Cradle 2A new study on the distractions faced by real-world drivers that analysed thousands of hours of in-car video footage has again highlighted the dangers of taking your eyes off the road to text, dial or reach for a mobile phone.

The research conducted by naturalistic driving researcher pioneers at the Virginia Tech Transportation Institute (VTTI) compared the effects mobile phone distractions had on both newly licenced teens and experienced drivers.
“Our analysis, which separated talking and dialing tasks, showed that talking on a cell phone was not associated with a significant increase in the risk of a crash among novice or experienced drivers, whereas dialing was associated with an increased risk in both groups,” the study published in the New England Journal of Medicine(freely available) said.
“In contrast to dialing and other high-risk tasks such as texting and reaching for a cell phone or other object, talking on a cell phone does not require the driver to look away from the road ahead.”
The VTTI’s naturalistic studies involve the use of sophisticated in-vehicle video cameras and sensors, which record participants as they normally drive and allows researchers to analyse driver behaviour in the seconds leading up to crashes or near-crashes.
The researchers compared the results of a 2004 study of 109 drivers between 18 and 72 years of age with an average of 20 years’ experience and an 18-month study of 42 newly licenced teens completed in 2008.
The study found the risk of a crash or near-miss among young drivers increased more than sevenfold if they were dialing or reaching for a mobile phone and fourfold if they were sending or receiving a text message.
VTTI chart
Source: NEJM 2013
For experienced drivers, only dialing a cell phone increased the chances of a crash or near miss. However, texting data was not available for older drivers because that study was conducted before texting became widespread.
The results support Australia’s nationwide ban on handheld mobile phone use behind the wheel and demonstrates the need for drivers to make use of Bluetooth and hands-free technology that allows them to keep their eyes on the road.
The dangers associated with reaching for objects in the study also highlights the importance of Australia’s mobile phone cradle law, which encourages drivers to mount their phone in a cradle affixed to the windscreen or dashboard to reduce the distraction caused by looking for their phone or using it illegally in their lap.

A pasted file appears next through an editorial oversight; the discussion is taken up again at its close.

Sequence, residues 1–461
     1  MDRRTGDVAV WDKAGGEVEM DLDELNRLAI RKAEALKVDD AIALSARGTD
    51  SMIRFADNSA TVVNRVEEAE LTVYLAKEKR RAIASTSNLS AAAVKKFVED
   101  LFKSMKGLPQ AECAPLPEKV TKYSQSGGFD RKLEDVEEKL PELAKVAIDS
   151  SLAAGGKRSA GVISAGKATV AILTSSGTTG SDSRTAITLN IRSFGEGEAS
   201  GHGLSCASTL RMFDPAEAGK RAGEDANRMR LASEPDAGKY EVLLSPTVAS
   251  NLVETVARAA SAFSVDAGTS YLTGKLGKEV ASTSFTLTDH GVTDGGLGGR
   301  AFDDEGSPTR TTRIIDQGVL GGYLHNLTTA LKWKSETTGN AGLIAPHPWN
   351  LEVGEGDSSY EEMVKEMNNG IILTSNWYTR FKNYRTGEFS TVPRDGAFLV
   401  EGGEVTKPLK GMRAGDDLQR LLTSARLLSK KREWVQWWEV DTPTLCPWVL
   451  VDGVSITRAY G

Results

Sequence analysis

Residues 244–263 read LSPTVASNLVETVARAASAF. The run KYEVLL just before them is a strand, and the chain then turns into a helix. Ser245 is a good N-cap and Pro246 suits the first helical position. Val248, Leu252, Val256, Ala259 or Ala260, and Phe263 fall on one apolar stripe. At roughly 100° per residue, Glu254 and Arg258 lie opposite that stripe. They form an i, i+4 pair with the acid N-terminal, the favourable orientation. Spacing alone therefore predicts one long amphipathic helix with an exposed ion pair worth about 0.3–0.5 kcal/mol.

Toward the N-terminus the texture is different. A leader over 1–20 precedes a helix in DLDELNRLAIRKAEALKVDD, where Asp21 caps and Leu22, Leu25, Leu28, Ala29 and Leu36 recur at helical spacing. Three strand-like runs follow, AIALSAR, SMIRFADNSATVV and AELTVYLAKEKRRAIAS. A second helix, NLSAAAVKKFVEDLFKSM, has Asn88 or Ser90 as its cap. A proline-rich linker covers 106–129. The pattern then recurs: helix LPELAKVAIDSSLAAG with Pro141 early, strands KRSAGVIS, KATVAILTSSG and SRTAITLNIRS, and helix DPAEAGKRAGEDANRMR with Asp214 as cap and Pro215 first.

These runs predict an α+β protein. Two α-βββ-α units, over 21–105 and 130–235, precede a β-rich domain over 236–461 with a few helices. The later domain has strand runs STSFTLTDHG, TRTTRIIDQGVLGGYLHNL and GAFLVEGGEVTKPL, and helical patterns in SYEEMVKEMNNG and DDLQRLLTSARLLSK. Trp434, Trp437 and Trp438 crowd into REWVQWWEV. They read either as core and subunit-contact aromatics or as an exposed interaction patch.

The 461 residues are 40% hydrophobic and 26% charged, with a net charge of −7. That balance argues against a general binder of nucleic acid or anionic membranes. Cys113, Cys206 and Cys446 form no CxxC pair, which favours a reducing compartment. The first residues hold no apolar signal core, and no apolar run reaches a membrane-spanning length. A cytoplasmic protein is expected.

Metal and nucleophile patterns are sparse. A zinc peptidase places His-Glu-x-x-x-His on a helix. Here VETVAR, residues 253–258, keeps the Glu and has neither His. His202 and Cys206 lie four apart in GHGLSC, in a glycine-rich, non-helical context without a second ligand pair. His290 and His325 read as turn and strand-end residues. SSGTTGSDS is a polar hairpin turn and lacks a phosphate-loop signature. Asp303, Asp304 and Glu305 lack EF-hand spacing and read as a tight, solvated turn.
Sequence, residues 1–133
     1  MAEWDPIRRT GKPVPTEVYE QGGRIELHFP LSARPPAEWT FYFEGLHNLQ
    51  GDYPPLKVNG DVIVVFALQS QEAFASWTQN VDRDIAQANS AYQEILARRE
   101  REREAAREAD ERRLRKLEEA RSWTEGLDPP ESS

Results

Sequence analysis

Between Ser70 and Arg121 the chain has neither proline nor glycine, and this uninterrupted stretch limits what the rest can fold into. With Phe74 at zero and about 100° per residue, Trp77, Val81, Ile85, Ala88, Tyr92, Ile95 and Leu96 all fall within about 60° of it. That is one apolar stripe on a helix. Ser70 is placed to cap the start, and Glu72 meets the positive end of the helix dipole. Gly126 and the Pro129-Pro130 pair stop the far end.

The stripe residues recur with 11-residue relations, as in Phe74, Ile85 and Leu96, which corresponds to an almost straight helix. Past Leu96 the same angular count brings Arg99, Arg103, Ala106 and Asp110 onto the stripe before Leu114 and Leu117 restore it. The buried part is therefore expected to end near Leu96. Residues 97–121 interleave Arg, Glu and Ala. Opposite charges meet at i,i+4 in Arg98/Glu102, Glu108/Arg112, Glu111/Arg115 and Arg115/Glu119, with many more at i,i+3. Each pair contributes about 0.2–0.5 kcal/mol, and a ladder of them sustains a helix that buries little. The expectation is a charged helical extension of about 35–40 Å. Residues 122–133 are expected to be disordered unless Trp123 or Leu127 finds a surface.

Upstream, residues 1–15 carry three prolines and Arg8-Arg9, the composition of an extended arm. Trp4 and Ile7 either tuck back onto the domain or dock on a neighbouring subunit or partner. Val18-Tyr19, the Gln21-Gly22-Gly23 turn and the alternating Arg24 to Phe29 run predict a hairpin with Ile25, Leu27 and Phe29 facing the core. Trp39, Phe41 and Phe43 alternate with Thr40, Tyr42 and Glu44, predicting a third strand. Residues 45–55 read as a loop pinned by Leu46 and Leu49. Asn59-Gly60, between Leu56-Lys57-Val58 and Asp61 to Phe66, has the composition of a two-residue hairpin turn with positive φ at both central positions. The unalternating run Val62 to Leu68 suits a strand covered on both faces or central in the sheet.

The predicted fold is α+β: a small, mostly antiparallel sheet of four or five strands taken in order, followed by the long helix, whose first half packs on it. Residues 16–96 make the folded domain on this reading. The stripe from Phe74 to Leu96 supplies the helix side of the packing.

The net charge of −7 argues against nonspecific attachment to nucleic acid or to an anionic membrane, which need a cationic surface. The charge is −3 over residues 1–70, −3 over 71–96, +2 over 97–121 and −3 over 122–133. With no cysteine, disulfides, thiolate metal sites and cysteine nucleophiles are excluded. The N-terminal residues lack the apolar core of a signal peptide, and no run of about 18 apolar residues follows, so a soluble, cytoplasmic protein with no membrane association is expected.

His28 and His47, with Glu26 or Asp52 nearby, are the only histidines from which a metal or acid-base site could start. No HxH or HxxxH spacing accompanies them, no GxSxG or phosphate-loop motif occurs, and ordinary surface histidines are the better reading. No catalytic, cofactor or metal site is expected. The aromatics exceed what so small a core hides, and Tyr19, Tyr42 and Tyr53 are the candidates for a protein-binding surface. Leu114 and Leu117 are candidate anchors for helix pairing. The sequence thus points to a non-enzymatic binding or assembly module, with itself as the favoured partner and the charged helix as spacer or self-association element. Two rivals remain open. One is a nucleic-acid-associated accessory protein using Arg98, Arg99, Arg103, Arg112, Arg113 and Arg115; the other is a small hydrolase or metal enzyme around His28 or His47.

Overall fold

The results are also in line with previous naturalistic research carried out by the VTTI that found the most dangerous distractions are those that take a drivers eyes off the forward roadway - such as texting and dialing a mobile phone – while simply talking on a mobile phone hands-free has not been shown to significantly increase crash risk.
In fact, two similar studies by the VTTI in 2009 and 2010 on commercial truck and bus drivers both found that talking and listening on a mobile phone hands-free could actually be a safety benefit for truck or bus drivers - lowering their risk of being involved in an accident.
Researchers have speculated that this is most likely because being involved in a conversation can help drivers stay alert and awake, but does not distract their eyes away from the road, much like chatting with a passenger.
However, the current study’s authors warned that their findings should not be interpreted to suggest that there is no risk associated with talking on a cell phone as driving simulation research has shown that talking on a cell phone can degrade driving performance.
Although legal in every Australian State and Territory, hands-free phone use is not appropriate in all road and traffic situations and if road or traffic conditions are unsafe drivers shouldn’t make or receive calls. See our safe driving tips for more information.
Published 13/01/2014

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